Health IT Pulse

Aug 31 2016   12:40PM GMT

IoT in healthcare: Four attack scenarios and what to do

Kristen Lee Kristen Lee Profile: Kristen Lee

Tags:
Internet of Things
medical device security

As medical devices become increasingly connected to the internet and, therefore, the Internet of Things (IoT), Forrester Research, said in a report that there are four types of attacks healthcare organizations need to aware of, especially after coming off the worst year for data breaches in healthcare:

  • Denial-of-Service or ransomware attacks. Ranked by Forrester as a high risk attack with a high likelihood of occurrence that often involves demands for ransom payment
  • Therapy manipulation attacks. At medium risk of happening, this type of attack is when an attacker gains access to a connected medical device and can manipulate a patient’s treatment
  • Patient data theft attacks. Using malware or a software exploit an attacker can gain access to an EHR and steal patient data
  • Asset damage attacks. When an attacker sets out to destroy or damage a medical device

Four healthcare IoT security action steps

Step 1: Categorize existing devices based on risk.

According to the Cambridge, Mass. research firm, there are five key factors that contribute to a connected medical devices’ risk rating:

  • Potential impact on patient safety
  • Network connectivity
  • Data sensitivity
  • Likelihood of attack
  • Vendor security service level agreement

Forrester recommends using healthcare industry assessment guidelines, standards and expertise.

Step 2: Implement a clinical risk management framework.

Forrester said this will also help healthcare organizations determine the risk levels of medical devices, mitigate and control the risk, and bring the risk exposure of the hospital network to acceptable levels. Forrester warned that following this framework is a major undertaking and requires a thorough review of day-to-day processes. Even so, it’s worthwhile considering the serious implications of connected medical device risks.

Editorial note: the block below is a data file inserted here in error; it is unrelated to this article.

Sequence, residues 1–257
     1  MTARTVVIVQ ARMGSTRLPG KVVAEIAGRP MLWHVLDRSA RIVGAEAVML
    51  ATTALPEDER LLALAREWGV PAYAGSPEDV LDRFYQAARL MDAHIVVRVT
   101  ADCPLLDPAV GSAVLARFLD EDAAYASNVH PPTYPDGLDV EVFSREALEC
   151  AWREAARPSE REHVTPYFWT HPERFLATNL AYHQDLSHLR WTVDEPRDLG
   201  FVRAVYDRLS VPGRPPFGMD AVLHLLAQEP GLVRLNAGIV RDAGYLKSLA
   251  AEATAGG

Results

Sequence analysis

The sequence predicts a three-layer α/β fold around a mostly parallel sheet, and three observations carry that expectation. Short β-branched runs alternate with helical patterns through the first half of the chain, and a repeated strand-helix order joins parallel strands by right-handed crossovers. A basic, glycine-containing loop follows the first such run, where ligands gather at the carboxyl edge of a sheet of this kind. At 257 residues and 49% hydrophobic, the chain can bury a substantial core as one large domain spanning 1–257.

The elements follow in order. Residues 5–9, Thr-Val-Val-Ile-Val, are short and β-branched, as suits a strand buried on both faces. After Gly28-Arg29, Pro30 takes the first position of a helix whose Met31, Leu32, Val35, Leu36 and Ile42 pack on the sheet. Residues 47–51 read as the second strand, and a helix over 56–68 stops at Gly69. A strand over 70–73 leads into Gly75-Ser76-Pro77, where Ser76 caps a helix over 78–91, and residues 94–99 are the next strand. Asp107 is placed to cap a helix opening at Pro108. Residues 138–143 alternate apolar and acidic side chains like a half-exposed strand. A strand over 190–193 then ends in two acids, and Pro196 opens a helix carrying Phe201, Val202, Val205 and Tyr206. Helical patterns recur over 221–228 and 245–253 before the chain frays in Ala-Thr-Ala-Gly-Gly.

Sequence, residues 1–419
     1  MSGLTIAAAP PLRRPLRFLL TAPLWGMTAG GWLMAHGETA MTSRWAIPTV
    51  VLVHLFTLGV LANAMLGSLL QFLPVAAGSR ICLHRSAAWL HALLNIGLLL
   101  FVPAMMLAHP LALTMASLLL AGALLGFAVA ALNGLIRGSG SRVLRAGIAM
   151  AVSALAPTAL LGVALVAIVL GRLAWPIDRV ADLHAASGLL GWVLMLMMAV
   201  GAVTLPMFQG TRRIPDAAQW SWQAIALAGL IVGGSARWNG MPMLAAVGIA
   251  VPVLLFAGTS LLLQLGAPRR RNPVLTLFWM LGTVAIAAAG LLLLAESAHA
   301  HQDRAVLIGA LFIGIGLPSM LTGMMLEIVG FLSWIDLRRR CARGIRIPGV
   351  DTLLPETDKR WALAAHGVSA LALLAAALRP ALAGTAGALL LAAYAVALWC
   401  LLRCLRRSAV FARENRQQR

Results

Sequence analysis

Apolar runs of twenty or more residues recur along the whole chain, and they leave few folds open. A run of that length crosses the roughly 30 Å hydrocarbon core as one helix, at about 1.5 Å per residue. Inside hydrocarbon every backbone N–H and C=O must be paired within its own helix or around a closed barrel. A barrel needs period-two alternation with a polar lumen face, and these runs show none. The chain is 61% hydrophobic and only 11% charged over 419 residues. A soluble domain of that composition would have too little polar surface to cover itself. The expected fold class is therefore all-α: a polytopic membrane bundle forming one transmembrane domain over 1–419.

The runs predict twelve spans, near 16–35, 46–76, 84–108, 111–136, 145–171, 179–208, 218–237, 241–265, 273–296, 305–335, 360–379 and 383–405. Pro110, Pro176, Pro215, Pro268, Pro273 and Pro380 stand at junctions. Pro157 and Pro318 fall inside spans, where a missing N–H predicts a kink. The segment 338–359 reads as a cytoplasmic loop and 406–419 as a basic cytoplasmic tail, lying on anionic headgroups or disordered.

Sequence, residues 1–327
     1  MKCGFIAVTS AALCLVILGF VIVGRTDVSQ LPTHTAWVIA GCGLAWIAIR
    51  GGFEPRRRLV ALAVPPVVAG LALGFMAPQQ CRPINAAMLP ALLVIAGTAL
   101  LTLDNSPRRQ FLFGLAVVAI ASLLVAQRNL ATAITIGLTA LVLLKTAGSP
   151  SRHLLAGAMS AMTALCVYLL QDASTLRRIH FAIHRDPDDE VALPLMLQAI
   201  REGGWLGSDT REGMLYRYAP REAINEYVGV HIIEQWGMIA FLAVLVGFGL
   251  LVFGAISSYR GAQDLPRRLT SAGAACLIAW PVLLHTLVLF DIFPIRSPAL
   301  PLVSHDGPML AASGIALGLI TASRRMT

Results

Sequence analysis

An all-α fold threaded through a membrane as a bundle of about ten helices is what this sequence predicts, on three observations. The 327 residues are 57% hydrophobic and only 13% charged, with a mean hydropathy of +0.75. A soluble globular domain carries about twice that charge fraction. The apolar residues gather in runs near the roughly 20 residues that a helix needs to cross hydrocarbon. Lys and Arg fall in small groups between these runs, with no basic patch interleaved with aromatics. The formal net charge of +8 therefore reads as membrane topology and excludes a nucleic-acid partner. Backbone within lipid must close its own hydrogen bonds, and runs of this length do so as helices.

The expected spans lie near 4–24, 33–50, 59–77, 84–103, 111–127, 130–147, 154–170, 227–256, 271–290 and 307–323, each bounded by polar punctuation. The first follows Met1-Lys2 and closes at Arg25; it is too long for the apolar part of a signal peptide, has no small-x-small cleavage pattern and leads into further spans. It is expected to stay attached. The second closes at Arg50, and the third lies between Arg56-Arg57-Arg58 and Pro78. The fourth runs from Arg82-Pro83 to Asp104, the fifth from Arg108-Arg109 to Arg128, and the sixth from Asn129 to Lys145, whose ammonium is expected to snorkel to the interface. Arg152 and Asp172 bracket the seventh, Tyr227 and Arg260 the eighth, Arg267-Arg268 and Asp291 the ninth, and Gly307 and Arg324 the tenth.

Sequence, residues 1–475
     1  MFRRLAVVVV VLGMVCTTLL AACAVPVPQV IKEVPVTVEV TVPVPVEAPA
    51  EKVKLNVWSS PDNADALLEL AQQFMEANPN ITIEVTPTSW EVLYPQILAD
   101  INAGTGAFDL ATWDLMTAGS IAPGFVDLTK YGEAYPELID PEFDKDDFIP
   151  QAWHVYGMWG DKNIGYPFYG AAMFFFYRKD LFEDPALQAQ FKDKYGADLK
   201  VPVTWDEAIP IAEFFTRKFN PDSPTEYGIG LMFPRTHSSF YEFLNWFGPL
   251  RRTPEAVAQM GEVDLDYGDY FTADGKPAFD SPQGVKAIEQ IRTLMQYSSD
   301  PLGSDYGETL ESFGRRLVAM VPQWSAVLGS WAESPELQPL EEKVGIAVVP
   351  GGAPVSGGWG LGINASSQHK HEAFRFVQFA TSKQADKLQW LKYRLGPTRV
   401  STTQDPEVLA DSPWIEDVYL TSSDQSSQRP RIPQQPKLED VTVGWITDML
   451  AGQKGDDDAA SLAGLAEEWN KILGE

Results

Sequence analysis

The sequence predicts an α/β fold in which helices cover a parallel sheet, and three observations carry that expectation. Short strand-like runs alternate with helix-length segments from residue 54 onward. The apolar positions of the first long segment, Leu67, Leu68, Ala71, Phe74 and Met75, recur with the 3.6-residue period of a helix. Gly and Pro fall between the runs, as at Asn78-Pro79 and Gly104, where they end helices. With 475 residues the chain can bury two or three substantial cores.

Step 3: Follow basic security hygiene.

“Your first step toward reducing threats calls for a campaign to raise security awareness and change employee behavior,” the report said. “Use frequent, relevant, and engaging communication to ensure your workforce doesn’t miss security messages.”

Forrester added that another fundamental security control is reviewing and updating password policies.

Step 4: Apply a zero trust networking architecture.

  • Acknowledge that your connected medical devices are vulnerable
  • Monitor medical devices for infections
  • Make sure manufacturers are aware of security risks
  • Develop a detailed incident response and recovery plan

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